Michael Dell had a narrative ready to go when he sat down this week to talk to InformationWeek one-on-one, on the eve of his company's Dell World conference. That story, as it has for quite some time now, includes the PC only as a supporting player. It leaves the smartphone out.
Dell was in high spirits. Just a few hours earlier, he and other members of the company's executive leadership had asserted to an audience of reporters and analysts that Dell's transformation was complete. Uncertain points remain, to be sure, not the least of which is Dell's sagging PC business. But the panel was mostly persuasive, pointing to success in servers, an increasingly wide business reach and the integration of new software and services into the company's portfolio.
The narrative that Dell is becoming an end-to-end service provider, in other words, is outdated. The company's already there, Dell says.
"When we take on a five year contract with a major hotel chain to run all its IT," Dell said at one point, "we couldn't really have done that five years ago or ten years ago. We didn't have the capabilities to go do that, and now we do."
True enough. Even the company's harshest critics would struggle to deny that the hardware-focused Dell of yesteryear has evolved into a profoundly different animal. But evolution doesn't guarantee success; it's also a process of upheaval, uncertainty and extinction. Some of Dell's chief competitors, for example, have fared less favorably while undergoing changes of their own. Cisco has been criticized by its customers for lacking focus, demonstrating that diversified services can be a liability if they're not accompanied by a concrete roadmap. HP, meanwhile, is still managing the fallout over the Autonomy purchase, showing that growth based on acquisitions, rather than R&D, can sometimes backfire.
With that in mind, Dell discussed how his company can expand through acquisitions while offering its customers a cohesive vision.
"You don't look around and say, 'What's for sale?' or 'What can we buy?'" he said. Instead, Dell attempts to craft "a clear business strategy" by focusing on customers. "I remember seeing customers and saying, 'Hey, here's a new server, and we've got gigabytes and petabytes and terabytes,'" Dell said. "Their reaction was very polite, but they said, 'I don't really care about all that. What do you know about my business? What do you know about the verticals I'm in? Can you help me solve my problems?'"
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Echoing moments from the leadership panel earlier in the day, when he said the company was no longer offering mere "ingredients" but rather fully developed solutions, Dell said that "the products may be interesting" but that "it's not about going to a customer and saying, 'Here, I've got a big list of products. Would you like any of these products?' That's definitely not the answer."
Rather, he explained, the answer "necessitated us to build out this broader capability. And it opens up a new set of opportunities."
Even so, a lot of companies talk about solving problems. But if divining and serving customer needs were as simple as forming grand ambitions, fewer businesses would fail. Dell said figuring out what the marketplace is done by having an intimate relationship with millions of customers.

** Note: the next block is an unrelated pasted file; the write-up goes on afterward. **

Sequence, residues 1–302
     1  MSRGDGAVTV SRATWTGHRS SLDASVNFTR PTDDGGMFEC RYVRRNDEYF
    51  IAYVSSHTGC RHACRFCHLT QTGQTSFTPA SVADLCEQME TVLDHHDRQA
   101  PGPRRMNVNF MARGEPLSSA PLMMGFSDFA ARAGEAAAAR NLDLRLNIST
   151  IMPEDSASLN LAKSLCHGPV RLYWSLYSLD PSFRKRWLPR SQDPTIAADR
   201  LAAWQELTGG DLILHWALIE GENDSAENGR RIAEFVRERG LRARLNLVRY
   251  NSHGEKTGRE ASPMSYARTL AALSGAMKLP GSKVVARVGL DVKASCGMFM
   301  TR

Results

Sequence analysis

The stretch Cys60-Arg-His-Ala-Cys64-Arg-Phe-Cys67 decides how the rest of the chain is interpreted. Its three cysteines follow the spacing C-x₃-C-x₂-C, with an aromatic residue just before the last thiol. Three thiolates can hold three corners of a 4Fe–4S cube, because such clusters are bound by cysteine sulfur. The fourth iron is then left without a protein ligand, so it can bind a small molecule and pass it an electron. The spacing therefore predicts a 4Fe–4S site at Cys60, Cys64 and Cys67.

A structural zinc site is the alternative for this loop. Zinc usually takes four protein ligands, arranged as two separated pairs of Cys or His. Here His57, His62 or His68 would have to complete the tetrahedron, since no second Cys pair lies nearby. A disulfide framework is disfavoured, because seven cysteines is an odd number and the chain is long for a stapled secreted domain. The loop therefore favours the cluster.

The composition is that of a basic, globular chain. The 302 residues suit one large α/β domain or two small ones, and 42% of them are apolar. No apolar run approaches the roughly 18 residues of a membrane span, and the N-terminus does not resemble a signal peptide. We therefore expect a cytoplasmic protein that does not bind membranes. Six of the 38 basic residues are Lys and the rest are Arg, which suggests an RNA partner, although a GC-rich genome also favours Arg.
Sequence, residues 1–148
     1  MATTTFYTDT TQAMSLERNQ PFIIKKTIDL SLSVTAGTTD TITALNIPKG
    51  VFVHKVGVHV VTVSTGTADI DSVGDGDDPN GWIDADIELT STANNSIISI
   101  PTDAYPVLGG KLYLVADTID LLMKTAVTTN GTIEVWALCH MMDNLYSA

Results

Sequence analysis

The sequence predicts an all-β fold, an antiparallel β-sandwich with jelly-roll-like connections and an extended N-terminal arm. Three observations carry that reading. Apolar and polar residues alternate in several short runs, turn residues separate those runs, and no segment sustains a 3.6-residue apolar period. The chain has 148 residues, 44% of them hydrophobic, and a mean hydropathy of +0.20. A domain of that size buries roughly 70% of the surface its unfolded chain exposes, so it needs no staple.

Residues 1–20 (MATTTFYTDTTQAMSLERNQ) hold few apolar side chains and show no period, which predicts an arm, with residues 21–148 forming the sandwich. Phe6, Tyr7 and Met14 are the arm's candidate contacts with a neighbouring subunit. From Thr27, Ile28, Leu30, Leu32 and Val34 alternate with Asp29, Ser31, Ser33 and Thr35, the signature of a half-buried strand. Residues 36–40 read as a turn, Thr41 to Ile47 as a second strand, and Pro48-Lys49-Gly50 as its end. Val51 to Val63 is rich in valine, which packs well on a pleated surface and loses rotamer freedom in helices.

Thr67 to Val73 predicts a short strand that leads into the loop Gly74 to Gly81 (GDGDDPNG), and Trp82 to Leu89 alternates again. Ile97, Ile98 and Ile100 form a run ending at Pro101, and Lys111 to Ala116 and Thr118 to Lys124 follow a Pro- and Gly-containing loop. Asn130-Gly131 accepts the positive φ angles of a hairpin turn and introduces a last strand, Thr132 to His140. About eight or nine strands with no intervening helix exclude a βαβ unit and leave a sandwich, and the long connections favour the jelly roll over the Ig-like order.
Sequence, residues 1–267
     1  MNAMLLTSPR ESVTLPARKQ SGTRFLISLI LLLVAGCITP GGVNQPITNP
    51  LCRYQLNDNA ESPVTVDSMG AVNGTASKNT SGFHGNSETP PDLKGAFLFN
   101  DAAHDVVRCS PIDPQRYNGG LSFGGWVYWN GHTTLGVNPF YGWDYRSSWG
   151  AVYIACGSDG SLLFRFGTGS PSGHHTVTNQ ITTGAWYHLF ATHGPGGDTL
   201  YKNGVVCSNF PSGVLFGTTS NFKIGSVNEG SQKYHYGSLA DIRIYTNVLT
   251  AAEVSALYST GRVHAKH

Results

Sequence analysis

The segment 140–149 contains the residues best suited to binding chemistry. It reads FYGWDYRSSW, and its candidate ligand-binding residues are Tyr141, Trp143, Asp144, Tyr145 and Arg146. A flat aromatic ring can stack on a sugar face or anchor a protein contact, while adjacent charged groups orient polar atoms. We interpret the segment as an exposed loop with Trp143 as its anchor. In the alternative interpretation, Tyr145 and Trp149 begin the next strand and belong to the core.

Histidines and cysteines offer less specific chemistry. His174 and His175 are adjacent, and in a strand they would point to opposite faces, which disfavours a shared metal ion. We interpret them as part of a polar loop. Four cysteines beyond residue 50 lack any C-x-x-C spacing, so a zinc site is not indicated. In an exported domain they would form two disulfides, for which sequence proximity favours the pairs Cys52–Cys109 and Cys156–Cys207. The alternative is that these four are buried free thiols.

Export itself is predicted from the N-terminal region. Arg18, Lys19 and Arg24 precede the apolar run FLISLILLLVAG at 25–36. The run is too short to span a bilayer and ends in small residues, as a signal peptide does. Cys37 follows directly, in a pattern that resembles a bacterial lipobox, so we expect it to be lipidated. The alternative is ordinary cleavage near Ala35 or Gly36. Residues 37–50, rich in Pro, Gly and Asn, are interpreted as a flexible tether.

This answer might seem facile coming from other CEOs but Dell's customer-focused attitude is well-established; indeed, it led to the creation of the company's Social Media Command Center, a venture that not only anticipated the importance of social media before many companies had even considered Twitter campaigns but also generated a new Dell consulting and services program.
"We have this heritage of direct conversations with customers, and that's very powerful for us, and that informs a lot of what we do as a company," Dell said. But it's "also important to be clear with the customer," he added. "We have to really represent what we can and will do, and do it extremely well. And if we're not able to do something, we tell them that too."
With this philosophy, why hasn't Dell achieved greater success among investors? Dell said his company "is investing for its future. Some of those investments involve a reduction in our earnings in the short term but we think those are the right investments for the long term." He also defended the company's financial health, pointing out that the company's "cash flow was up 59% over the prior quarter of the same year."
As for PCs, the once-upon-a-time Dell cornerstone has since become one of its shakiest pillars. Like most PC-makers that aren't headquartered in Cupertino, the ability of Dell PCs sales to rebound relies largely on the success of Windows 8, both within the enterprise and among consumers. Gartner analysts have been skeptical of the new OS for months, especially with so many businesses still amortizing Windows 7 investments, and sales feedback has failed to impress.
Despite these uncertainties, Dell is bullish on Windows 8, touting the advantages of touch and the possibility for Dell's PC-tablet hybrids to appeal to both consumers and enterprise IT departments -- an important consideration in the BYOD landscape. Though he didn't say so explicitly, Dell also suggested the company will remain a PC player by building revenue streams that don't rely on Windows or traditional computing. He pointed out, for example, that Dell offers OS-agnostic software and appliances to manage virtually all devices, highlighting Wyse as a particularly successful example, and predicted that "virtual client adoption is going to grow and be an accelerating part of the PC space."
"It'll be devices, it'll be client virtualization and cloud clients, it'll be BYOD. We're gonna cover the landscape there," Dell said.
What about smartphones? "We're in the market of managing those devices," he said, "but on the device side, we're tablets on up."